William Sandiver 2 interviewed on jockeys

1805, 28th June: ‘The opinions of the late W. Sandiver, the sur-geon of Newmarket on the training of Jockies’. Reference: Whyte JC. History of The British Turf, from the earliest period to the present day; Vol II. London: Henry Colburn; 1840, pg 600-602.

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Note: the formatting below is slightly altered for ease of reading (including removing some hypens that were breaking words at the end of lines, unlike in the reference above). Also, as with any other such information on this website, the below is recorded for historical interest only, not as medical advice!

The following information on this subject, communicated to Sir John Sinclair, in 1805, who was at great pains and cost to collect, by every possible means, the best information respecting the training and reducing of jockies, will be read with interest, from the fact of it’s having been obtained from the late Mr. Wm. Sandevir [sic – and other examples below], an eminent surgeon, of Newmarket, and who had paid the greatest attention to the subject for many years.

Q.- How long the training of jockies generally continues [sic]?
A.- With those in high repute as riders, in a greater or less degree, from about three weeks before Easter to the end of October; but a week or ten days are quite sufficient for a rider to reduce himself from the weight he is naturally of, to some-times a stone and a half below it.

Q.- What food do they live on, both solid and liquid, and what quantities are allowed them of each?
A.- For breakfast a small piece of bread and butter, with tea in moderation. Dinner is taken in a very sparing way; a very small piece of pudding, and less meat; and when fish is to be obtained, neither one or the other are allowed [presumably this should read ‘either’ i.e. instead of the meat?]; wine and water is their usual beverage, in the proportion of one part wine to two of water. Tea in the afternoon, with little or no bread and butter; and no supper.

Q.- What exercise do they get, and what hours of rest?
A.- After breakfast, having sufficiently loaded themselves with clothes, that is, five or six waistcoats, two coats, and as many pair of breeches, a severe walk is taken, or from ten to fifteen or sixteen miles. After their return home, dry clothes are substituted for those that are made very wet and uncomfortable by sweat, and if much fatigued, some of them will lie down for an hour before dinner; after which no severe exercise is taken, but the remaining part of the day is spent in the way that may be most agreeable to themselves. They generally go to bed by nine o’clock, and continue there till six or seven the next morning.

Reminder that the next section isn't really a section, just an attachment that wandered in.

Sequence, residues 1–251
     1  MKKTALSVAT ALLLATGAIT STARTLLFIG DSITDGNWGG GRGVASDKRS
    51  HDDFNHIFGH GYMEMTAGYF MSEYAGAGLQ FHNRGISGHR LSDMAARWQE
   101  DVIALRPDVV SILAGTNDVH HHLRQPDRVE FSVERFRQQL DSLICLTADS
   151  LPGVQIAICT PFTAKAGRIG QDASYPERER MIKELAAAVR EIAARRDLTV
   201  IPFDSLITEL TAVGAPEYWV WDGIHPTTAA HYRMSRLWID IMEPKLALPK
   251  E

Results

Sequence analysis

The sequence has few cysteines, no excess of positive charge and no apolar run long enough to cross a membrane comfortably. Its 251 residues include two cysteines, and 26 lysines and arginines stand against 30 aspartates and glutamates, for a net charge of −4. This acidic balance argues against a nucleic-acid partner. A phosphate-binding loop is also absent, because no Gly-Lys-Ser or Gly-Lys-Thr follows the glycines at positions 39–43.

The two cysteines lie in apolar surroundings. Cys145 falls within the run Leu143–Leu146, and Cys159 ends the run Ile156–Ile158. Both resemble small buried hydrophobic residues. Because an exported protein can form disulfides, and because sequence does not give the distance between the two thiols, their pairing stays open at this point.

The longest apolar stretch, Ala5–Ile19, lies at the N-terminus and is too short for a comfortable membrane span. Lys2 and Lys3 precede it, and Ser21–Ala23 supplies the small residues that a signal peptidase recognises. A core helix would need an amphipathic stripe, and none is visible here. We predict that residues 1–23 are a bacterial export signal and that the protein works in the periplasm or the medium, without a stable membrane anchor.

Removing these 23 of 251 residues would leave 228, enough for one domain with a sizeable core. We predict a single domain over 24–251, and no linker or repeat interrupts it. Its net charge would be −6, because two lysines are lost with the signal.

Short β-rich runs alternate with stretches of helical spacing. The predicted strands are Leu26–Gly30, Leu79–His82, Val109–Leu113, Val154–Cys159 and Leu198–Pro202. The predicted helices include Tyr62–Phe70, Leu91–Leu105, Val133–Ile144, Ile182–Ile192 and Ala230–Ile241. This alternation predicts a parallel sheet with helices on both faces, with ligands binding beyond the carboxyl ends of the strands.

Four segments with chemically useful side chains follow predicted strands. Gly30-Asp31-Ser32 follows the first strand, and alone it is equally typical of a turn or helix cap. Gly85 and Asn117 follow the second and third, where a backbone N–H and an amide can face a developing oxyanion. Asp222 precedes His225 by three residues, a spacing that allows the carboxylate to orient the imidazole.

Q.- Are they purged? and what purgatives or other medicines are given to them?
A.- Some of them that do not like excessive walking, have recourse to purgative medicines. Two ounces of Glauber salts is the usual dose, and it is very seldom that any other medicine is had recourse to.

Q.- Would Mr. Sandevir recommend a similar process to reduce corpulence in other people, whether male or female?
A.- Mr. Sandevir would certainly recommend a similar process to reduce corpulency in either sex, as from experience, he perceives that the constitution does not appear to be injured by it. But he is apprehensive that hardly any person could be prevailed upon to submit to such a severe discipline, that had not been inured to it from his infancy. John Arnold, when rider to His Royal Highness the Prince of Wales, was desired to reduce himself as much as he possibly could, to enable him to ride some favourite horse, without his carrying more weight than was agreed upon; in consequence of which he abstained from animal, and even farinaceous food, for eight succeeding days, and the only substitute was now and then a piece of apple; he was not injured by it at the time, and is now in good health. Added to which, Dennis Fitzpatrick, a person at this time continually employed as a rider, declares that he is less fatigued by riding, and has more strength to contend with a determined horse, in a severe race, when moderately reduced, than when allowed to live as he pleased, although he never weighs more than nine stone, and frequently has reduced himself to 7st. 7lb.”’